Malmo – Hexpol AB’s operating profit for the first three months of the year remained flat at SEK587 million (€55 million), on 10% higher year-on-year sales of SEK4.1 billion, the Swedish group announced 28 April.
The polymer group also delivered a 49% higher operating cash flow of SEK527 million, driven by improved working capital.
Hexpol Compounding, which contributes 94% of total group sales, saw a 10% increase in revenue to SEK3.9 billion, due mainly to the acquisition of US-based Preferred Compounding.
The acquisition contributed with 16% improvement in sales while currency fluctuation had a 4% positive impact. Organic sales, in the meantime, fell 10%, due partly to Covid-19 pandemic and lower automotive demand.
In addition the volumes for so-called ”tire and toll” were lower compared with the same period previous year.
Tire and toll refers to products that Hexpol temporarily produce as support when the customers have the needs.
Segment operating profit remained flat at SEK554 million, while operating margin fell by 1.4% to 14.2% due to lower organic volumes.
Sales within Hexpol Engineered Products remained stable at SEK262 million, while operating profit was flat at SEK33 million.
Commenting on the market, Peter Rosén, acting CEO & CFO said the group saw limited impact from Covid-19 pandemic during the two first months in the quarter.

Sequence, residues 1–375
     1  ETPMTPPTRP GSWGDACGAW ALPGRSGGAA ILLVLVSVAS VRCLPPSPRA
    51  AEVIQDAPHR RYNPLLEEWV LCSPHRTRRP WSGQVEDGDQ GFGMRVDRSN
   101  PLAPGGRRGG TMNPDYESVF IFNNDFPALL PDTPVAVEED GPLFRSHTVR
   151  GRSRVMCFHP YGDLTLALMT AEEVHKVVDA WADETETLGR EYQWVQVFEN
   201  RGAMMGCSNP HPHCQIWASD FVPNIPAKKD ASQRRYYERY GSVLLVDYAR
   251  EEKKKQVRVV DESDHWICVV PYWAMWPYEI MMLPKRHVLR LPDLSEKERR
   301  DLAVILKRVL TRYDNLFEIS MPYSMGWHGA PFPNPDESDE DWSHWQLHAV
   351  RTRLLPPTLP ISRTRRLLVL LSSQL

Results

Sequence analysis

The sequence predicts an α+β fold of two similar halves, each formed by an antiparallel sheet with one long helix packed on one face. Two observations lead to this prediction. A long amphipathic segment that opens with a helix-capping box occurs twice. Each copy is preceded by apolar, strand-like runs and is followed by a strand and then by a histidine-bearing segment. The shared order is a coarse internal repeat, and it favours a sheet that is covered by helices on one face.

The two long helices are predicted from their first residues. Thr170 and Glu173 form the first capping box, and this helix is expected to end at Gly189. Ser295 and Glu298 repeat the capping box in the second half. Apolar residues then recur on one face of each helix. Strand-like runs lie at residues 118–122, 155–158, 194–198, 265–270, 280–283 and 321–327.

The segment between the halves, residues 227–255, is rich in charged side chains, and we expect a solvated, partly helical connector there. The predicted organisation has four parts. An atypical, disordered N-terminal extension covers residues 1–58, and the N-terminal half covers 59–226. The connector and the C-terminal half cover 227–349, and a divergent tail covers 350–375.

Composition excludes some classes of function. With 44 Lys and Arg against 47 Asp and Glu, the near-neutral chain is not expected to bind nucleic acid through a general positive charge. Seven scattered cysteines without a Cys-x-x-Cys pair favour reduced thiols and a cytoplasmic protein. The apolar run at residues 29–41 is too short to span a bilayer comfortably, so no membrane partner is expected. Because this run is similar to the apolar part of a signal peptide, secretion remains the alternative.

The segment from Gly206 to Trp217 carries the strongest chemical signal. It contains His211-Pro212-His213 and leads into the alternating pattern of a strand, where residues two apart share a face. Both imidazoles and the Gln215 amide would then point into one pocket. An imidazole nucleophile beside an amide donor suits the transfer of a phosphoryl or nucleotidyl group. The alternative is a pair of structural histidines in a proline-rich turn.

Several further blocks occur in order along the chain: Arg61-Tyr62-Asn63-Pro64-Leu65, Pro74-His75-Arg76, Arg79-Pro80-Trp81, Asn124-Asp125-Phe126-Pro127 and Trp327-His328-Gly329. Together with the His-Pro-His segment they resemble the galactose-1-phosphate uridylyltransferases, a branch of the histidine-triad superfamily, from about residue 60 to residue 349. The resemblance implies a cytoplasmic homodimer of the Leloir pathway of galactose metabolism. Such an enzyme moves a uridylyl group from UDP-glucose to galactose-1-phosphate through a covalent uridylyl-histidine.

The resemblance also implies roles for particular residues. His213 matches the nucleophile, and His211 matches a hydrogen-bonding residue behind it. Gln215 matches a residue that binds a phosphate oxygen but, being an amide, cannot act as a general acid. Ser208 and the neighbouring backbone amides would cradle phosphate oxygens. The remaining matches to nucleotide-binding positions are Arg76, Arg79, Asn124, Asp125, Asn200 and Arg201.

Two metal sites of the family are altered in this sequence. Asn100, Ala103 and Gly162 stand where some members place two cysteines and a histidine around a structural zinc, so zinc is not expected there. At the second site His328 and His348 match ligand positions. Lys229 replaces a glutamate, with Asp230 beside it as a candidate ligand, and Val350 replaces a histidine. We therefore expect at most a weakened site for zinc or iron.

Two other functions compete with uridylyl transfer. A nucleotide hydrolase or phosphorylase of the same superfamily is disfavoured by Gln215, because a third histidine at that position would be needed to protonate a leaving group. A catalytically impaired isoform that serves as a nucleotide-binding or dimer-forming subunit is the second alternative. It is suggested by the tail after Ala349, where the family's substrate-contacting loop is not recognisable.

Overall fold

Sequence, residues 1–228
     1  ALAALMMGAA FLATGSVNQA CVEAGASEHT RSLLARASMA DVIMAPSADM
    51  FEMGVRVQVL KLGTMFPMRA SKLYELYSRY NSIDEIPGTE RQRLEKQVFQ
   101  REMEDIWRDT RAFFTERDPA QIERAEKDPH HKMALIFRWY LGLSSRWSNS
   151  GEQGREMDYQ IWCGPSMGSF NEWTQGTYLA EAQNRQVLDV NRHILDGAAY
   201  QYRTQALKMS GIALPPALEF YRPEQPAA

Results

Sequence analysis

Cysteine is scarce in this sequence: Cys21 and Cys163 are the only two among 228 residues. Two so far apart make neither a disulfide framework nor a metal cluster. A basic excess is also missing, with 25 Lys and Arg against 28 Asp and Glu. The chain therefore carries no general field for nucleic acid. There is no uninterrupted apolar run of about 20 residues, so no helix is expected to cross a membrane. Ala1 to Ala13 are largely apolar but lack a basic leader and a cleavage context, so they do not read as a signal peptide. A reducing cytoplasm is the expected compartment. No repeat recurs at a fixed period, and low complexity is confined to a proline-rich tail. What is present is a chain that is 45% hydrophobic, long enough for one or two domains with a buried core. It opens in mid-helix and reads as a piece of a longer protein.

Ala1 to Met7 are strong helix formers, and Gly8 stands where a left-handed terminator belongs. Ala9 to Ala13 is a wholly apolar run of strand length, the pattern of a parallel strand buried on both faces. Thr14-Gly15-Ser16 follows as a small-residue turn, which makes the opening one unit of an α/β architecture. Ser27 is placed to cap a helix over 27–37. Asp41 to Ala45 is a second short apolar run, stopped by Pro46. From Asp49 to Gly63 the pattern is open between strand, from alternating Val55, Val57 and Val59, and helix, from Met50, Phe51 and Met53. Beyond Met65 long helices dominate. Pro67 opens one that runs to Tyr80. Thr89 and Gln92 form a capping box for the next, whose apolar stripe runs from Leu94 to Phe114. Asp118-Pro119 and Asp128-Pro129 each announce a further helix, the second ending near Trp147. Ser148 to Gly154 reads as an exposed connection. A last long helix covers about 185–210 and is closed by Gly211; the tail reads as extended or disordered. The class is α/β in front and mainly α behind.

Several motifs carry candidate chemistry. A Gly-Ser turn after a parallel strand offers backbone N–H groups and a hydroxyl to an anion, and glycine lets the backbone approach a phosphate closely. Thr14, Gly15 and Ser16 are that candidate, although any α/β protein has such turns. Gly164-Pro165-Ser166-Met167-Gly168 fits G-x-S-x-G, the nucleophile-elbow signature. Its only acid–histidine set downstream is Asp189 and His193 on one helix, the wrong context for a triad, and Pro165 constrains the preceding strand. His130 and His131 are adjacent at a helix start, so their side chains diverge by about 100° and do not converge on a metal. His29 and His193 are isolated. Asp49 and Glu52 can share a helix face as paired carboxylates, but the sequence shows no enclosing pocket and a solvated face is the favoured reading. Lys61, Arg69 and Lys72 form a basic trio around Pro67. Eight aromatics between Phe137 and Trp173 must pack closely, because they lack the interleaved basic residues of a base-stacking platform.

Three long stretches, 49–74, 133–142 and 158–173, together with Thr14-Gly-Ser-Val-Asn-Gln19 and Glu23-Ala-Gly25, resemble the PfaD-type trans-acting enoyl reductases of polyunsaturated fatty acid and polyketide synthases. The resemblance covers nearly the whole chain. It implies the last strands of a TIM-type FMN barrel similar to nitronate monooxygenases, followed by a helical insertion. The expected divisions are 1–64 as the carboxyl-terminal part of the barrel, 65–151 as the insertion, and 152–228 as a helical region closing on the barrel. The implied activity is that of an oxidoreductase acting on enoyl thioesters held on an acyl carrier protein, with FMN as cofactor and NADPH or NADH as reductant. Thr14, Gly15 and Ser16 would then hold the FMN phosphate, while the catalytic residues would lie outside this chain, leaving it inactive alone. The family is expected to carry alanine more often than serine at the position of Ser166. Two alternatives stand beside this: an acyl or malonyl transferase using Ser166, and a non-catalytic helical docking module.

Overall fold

“However, during the month of March, the impact became more evident as, for example, the automotive industry largely shut down its production, not least in Europe and the US,” he added.
Looking ahead, Rosén said he expected the pandemic to have “a major negative impact” on demand in the coming months, particularly during the second quarter of 2020.
According to the official, all Hexpol plants are currently open and it is experiencing “no significant problems” with either supplies of raw materials or deliveries of goods to customers.
“However, we see considerably lower demand, not least when the production of several of our customers is standing still,” he added.
To address the issue, the Swedish group has introduced “short-term work” at many of its units in accordance with local guidelines.